Genitourinary Cancers Symposium
January 28, 2014
Results from a new study show that the medication enzalutamide (Xtandi) lengthens the lives of men with metastatic castration-resistant prostate cancer by almost a third. Metastatic castration-resistant prostate cancer (mCRPC) is cancer that has spread to parts of the body other than the prostate and continues to grow and spread without needing the male sex hormone testosterone. Enzalutamide is a type of hormone therapy called an androgen-receptor blocker or an anti-androgen. For men with prostate cancer, hormone therapy is used to block or lower the levels of hormones called androgens that can be involved in prostate cancer growth.
As part of this study, 1,717 men with mCRPC who had not yet had chemotherapy received either enzalutamide or a placebo (an inactive treatment) plus standard hormone therapy. The men participating in this study had previously received treatment, such as surgery or radiation therapy, for the original tumor, as well as other types of hormone therapy.
Researchers found that in 59% of the men taking enzalutamide, cancer growth slowed or stopped, compared with 5% of men taking the placebo. In addition, men taking enzalutamide needed chemotherapy 17 months later than those taking the placebo. Based on the results, patients on the trial receiving the placebo were offered enzalutamide.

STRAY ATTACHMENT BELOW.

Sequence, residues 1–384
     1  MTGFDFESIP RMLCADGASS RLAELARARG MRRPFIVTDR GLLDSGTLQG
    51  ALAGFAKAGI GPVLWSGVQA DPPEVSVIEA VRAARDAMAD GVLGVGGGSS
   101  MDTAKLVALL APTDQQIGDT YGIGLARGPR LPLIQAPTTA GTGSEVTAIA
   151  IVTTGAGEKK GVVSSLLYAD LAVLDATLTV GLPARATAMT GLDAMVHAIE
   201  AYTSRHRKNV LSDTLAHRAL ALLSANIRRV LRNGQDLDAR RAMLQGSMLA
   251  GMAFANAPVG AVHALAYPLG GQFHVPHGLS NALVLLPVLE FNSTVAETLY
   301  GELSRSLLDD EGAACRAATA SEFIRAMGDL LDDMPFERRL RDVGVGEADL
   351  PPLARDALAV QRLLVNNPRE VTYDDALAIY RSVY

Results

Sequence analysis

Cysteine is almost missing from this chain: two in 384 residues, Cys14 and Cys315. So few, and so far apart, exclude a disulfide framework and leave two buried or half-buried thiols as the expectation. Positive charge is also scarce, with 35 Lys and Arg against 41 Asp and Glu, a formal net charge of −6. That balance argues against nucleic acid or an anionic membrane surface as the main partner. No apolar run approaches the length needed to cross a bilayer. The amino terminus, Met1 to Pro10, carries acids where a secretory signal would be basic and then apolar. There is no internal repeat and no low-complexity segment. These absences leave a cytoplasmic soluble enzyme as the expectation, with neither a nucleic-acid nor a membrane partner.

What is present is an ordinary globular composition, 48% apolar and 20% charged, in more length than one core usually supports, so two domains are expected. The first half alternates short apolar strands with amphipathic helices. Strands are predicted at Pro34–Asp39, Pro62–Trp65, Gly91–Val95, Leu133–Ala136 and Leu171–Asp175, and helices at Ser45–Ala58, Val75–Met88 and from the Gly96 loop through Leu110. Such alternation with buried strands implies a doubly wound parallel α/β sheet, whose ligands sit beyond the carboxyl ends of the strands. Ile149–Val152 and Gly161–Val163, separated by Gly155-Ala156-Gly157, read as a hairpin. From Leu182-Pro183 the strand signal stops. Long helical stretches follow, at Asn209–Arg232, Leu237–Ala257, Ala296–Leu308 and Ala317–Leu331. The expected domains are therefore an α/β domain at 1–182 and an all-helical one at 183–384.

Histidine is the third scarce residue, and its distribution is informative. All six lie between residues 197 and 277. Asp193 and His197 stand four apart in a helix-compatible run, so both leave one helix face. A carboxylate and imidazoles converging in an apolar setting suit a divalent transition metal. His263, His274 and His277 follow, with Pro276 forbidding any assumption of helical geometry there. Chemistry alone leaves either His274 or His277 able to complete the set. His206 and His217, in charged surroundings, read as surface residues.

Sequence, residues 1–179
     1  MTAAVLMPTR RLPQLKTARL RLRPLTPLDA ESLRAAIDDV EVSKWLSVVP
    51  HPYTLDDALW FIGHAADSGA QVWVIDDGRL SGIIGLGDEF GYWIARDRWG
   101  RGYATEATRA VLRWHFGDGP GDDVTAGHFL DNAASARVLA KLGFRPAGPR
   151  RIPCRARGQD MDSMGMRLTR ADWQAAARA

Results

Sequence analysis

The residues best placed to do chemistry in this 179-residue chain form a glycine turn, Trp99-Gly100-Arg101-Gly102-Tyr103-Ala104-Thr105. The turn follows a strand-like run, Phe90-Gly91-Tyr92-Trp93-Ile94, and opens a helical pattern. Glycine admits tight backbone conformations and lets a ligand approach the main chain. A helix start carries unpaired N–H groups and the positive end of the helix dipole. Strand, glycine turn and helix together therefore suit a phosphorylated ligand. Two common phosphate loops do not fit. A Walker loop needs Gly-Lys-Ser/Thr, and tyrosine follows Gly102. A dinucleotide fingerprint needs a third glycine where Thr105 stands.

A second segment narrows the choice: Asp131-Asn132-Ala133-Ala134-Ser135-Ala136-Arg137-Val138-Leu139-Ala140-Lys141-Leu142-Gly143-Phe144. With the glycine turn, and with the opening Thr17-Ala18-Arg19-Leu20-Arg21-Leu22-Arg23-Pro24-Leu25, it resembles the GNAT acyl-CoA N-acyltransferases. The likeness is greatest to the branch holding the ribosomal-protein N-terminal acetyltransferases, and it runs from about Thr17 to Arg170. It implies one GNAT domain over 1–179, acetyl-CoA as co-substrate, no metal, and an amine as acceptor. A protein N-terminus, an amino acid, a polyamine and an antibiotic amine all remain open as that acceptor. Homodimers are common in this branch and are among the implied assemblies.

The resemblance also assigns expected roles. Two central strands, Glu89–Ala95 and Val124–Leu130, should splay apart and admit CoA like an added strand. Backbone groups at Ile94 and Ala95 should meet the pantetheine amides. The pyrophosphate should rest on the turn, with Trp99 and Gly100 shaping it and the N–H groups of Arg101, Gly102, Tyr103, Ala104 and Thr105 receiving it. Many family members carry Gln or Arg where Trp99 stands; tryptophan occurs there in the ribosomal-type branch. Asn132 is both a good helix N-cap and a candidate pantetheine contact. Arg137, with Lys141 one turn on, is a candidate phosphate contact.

What this means for patients
“Enzalutamide is likely to become an important new treatment option that has a significant impact on the progression of prostate cancer,” said lead author Tomasz Beer, MD, FACP, Professor of Medicine and Deputy Director of the Knight Cancer Institute at Oregon Health and Science University. “If approved for this use, it will become an important standard option for use before chemotherapy in patients with advanced prostate cancer who have few or no symptoms.” The most common side effects of enzalutamide included fatigue, constipation, and back and joint pain, in addition to side effects associated with hormone therapy, such as weight gain and hot flashes.
Questions to Ask Your Doctor
- What type of prostate cancer do I have? What does this mean?
- Am I receiving hormone therapy? What type?
- What are the next steps if the treatments I’m currently receiving stop working?
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